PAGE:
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Date of Award

9-19-2017

Document Type

Thesis and Dissertation-ISU Access Only

Degree Name

Doctor of Philosophy (PhD)

Department

Department of English

First Advisor

Angela M. Haas

Second Advisor

Elise V. Hurley

Abstract

This dissertation focuses on the tactics of community activists residing in marginalized communities who enact an interventionary rhetoric in response to local environmental problems. An interventionary rhetoric involves a complex, multimodal effort to communicate to other affected community members through a variety of rhetorical forms (speech, writing, bodies, images), highlighting community members’ intersectional identities and their cultural, embodied, and scientific knowledges. This dissertation begins by surveying key concepts foundational to an interventionary rhetoric as they are discussed in technical communication, rhetoric and composition, environmental risk communication, and environmental justice scholarship.

Then, building on this scholarship, this dissertation discusses how community activists enact an interventionary rhetoric in specific at-risk communities. In laying out the key features of an interventionary rhetoric, this dissertation analyzes the cases of community activists Suzie Canales and Katsi Cook using a methodology that combines Haas and Frost’s (2017) apparent decolonial feminist rhetoric of risk with Grabill’s (2014) rhetoric in the common places. From these analyses emerge a more nuanced approach to Grabill’s devices of detection, rendering, and assembly that makes apparent the importance of valuing community members’ cultural, embodied, and scientific knowledges as community activists seek to assemble a local counterpublic to intervene. These more nuanced devices are then employed in analyzing two extended case studies. The first presents a case of successful environmental intervention, in which community activists in the Little Village neighborhood near Chicago were able to assemble a local counterpublic and shut down two heavily polluting coal-fired power plants in their community. The second studies community activist efforts in Flint, Michigan, to assemble a local counterpublic to make concerns about water contamination heard despite ongoing denials by city and state officials that a problem existed. This dissertation also discusses the affordances and limitations of enacting an interventionary rhetoric in a semester-long introductory technical and professional writing course.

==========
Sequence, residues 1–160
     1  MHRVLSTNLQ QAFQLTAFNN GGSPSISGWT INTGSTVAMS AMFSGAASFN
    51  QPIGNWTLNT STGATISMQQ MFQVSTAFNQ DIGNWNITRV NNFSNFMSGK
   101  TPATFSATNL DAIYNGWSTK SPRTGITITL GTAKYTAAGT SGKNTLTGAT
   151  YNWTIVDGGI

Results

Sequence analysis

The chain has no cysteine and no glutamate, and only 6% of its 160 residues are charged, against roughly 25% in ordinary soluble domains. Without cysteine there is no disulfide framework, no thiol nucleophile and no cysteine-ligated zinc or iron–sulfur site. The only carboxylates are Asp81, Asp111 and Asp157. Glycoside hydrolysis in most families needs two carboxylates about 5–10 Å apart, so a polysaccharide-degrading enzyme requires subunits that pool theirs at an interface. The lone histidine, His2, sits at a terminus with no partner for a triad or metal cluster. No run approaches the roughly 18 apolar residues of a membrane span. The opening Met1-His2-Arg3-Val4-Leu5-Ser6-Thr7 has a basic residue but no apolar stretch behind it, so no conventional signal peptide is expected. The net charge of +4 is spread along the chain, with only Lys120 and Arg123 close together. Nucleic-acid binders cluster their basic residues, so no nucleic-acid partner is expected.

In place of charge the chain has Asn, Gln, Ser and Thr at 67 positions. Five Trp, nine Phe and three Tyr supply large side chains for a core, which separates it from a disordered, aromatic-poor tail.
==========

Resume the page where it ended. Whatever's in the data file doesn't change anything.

Finally, this dissertation concludes by discussing the possibilities for where an interventionary rhetoric might move next, both within technical communication studies and beyond academia into the communities where environmental intervention is occurring.

Comments

Imported from ProQuest Bates_ilstu_0092E_11081.pdf

DOI

http://doi.org/10.30707/ETD2017.Bates.J

Page Count

215

Available for download on Wednesday, February 01, 2023

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